Energy Live News: Global climate change action now 'will save lives

The report also reveals that climate change will disproportionally impact older people and people with pre-existing health issues or disabilities, and disadvantaged communities in Australia. The environment in which all weather events occur is not what it used to be.

Anthony Costello, director of University College London’s Institute for Global Health, stated that the results of rising ranges of carbon emissions could be very critical and probably catastrophic for human well being and survival. "We've got a real challenge particularly with carbon pollution".

Tackling the problem however could unite planetary efforts and become the greatest global health opportunity in history.

The report is a product of EPA’s Climate Change Impacts and Risks Analysis (CIRA) project in collaboration with the Massachusetts Institute of Technology, the Pacific Northwest National Lab, the National Renewable Energy Laboratory and other partners.

"Will the United States benefit from climate action?"

Likewise, taking global action on warming would avoid considerable costs to the USA from damage wrought by the effects of climate change, as well as premature deaths, the EPA found. By the end of the century, such action would avoid 12,000 annual deaths from extreme temperatures in 49 USA cities, the agency said. In other words, due to the ravages of climate change, average per capita GDP for 450 million Americans would be only $208,000 instead of $212,000.

Going from diagnosis to prescribing a remedy, the doctors and scientists involved with the report-who equated the human health emergency of climate change with previous physician-led fights against tobacco use and HIV/AIDS-argue the crisis of anthropogenic climate change demands-as a matter of "medical necessity"-the rapid phase-out of fossil fuels (with special emphasis on coal) from the global energy mix"".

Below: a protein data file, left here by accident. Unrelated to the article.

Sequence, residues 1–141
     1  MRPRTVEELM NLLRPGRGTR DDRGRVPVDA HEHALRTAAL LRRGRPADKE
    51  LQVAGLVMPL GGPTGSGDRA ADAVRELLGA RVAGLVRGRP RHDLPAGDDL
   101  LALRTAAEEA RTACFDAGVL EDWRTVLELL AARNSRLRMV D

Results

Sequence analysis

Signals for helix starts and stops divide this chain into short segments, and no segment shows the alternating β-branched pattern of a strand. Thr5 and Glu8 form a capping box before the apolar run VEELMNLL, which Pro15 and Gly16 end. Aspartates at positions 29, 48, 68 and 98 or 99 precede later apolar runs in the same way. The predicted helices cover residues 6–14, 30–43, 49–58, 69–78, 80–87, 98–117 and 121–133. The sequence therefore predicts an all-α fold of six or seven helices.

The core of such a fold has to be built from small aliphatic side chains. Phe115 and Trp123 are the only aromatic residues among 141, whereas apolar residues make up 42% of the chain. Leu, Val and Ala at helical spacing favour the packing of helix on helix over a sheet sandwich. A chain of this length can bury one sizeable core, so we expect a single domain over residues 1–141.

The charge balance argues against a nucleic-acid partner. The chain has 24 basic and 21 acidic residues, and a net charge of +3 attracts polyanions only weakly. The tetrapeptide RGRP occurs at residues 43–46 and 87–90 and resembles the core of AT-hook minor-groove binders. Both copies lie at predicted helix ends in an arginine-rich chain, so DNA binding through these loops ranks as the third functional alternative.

The 2015 Lancet Commission on Health and Climate Change has been formed to map out the impacts of climate change, and the necessary policy responses, to ensure the highest attainable standards of health for populations worldwide.

The report is timed to prepare Americans for the new universal, legally-binding climate agreement that is expected to be signed by world leaders at the United Nations Climate Summit in Paris in December.

The World Medical Association welcomed the report.

CLIMATE change may wipe out the last 50 years’ gains in global health by ramping up heatwaves, flood, drought, hunger and disease, an specialist panel said Tuesday. "There's a number of reasons why these benefits would exist, but one of the most important reasons is that they increase public health".

The report lists both direct and indirect effects of climate change, citing vector-borne disease - including malaria - that will "expand their reach and death tolls" as well as indirect effects on water cleanliness and human settlements.

The issue drew the attention of Pope Francis who said in a letter to the world's Catholics last week that "Humanity is called to recognize the need for change of lifestyle, production, and consumption, in order to combat this warming or at least the human causes which produce or aggravate it".

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